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May 14, 2013

Let’s define our terms

A prospie recently tossed me that ever-familiar query into the foundation of my being as a UChicago student: Why UChicago?

I was tired at the time, and my mind was on other things; I admit that I completely fumbled my answer. So, dear prospie, in case you happen to be reading this, allow me a moment to set the record straight: Most of what I told you was, at best, icing on the cake. Yes, Hyde Park and the larger city offer rich and often provocative cultural backdrops; yes, the academics here are demanding beyond compare and prepare you for just about any conceivable life path; and yes, you’ll find a remarkably diverse range of sports, clubs, events, lectures, and volunteer opportunities waiting for you whenever you finish studying.

But no, unless you’re one of those admissions office gnomes who will happily spew such facts on auto-repeat, none of this justifies picking UChicago over its similarly illustrious peers. You choose UChicago because of its foundational dedication to free, creative, and rigorous inquiry. I did, at least, and I couldn’t be more pleased with my choice.

As much as I regret having actually given the stale Wonder Bread answer to the prospie, I’m not sure I could have lived with the alternative, either. Any prospie worthy of acceptance here would have surely pressed the matter further: So what exactly is this “unfettered inquiry” everyone talks about? And to this question, ladies and germs, I humbly concede that I have no real answer.

I might be able to tell you what it isn’t; for one, we’re certainly not a bunch of headstrong skeptics. The dictum “challenge everything, accept nothing” is a death sentence to real inquiry—eventually, we have to posit axioms or make simplifying assumptions to get anywhere interesting. On the other hand, “free inquiry” definitely does not imply uncritical internalization of anything that could conceivably pass for knowledge; we still question our sources of information.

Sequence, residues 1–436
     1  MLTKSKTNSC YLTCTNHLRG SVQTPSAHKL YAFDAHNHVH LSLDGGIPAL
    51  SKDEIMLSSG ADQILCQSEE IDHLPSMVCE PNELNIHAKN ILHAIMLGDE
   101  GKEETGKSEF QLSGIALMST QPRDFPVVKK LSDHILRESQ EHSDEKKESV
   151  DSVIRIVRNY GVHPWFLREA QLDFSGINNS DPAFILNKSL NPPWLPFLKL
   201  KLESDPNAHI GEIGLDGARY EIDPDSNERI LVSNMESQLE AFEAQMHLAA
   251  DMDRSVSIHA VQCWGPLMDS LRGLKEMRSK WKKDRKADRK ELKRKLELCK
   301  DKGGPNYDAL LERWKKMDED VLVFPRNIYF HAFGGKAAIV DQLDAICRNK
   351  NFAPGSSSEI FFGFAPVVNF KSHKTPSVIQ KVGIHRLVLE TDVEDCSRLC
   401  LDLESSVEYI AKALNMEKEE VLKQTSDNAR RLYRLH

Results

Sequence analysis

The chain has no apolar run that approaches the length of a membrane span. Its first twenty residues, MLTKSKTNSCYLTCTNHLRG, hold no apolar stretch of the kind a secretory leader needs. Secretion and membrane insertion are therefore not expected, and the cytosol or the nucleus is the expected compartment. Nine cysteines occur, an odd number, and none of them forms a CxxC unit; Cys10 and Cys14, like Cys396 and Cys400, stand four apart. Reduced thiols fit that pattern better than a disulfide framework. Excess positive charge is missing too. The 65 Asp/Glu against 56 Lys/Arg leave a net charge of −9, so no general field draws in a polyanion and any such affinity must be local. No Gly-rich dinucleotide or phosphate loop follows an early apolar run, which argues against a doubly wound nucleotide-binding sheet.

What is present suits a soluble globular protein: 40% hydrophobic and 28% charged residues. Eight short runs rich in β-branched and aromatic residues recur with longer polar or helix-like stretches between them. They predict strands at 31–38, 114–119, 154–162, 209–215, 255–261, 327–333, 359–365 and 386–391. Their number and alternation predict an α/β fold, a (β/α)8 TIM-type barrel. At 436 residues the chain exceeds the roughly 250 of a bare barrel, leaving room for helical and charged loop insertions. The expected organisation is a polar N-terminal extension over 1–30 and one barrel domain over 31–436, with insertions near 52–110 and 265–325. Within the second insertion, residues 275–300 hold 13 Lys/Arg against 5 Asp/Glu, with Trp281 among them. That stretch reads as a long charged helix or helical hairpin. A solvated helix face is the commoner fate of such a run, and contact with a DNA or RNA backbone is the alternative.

But this gets us no closer to a definite grasp of our deeply venerated “free inquiry.” Speaking from just above the balcony on the western wall of the Harper Reading Room, Francis Bacon exhorts, “Read not to contradict and confute, nor to believe and take for granted…but to weigh and consider.” I’m completely at a loss to tell you whether this weighing and considering lies somewhere between skepticism and uncritical acceptance; and if it does, I know not where, nor whether it engages an entirely different faculty altogether.

Perhaps I’m just not a member of the charmed circle of intellectuals for whom “free inquiry” is a patently unproblematic concept. If so, it doesn’t seem like I’m the only one around here that isn’t. The idea of respecting unfettered inquiry forms the kernel of many university policies—toward investment, for example—while powerfully inflecting our reaction to certain politically incorrect Facebook posts. Much debate on these policies reduces to a tension between different conceptions of what a climate of genuinely free inquiry looks like in practice.

Basing University policy on a concept that is either outright empty or (let’s be optimistic) subject to wildly differing interpretations strikes me as irresponsible. Until we arrive, as a community, at a clear understanding of both “free inquiry” and its limits, the phrase does not belong in official policy verbiage.

Had the prospie been particularly persistent in her demands, I would have glibly responded that the very nature of our inquiry here is itself a topic of inquiry. It’s the sort of vexingly nonsensical answer I would have really appreciated as a prospie. But it doesn’t make any substantive headway on resolving the spate of issues that have and will continue to bother us until we can find a way to affirm our devotion to creative, rigorous inquiry by placing it on more solid ground.

Tyler Lutz is a fourth-year in the College majoring in physics and English.

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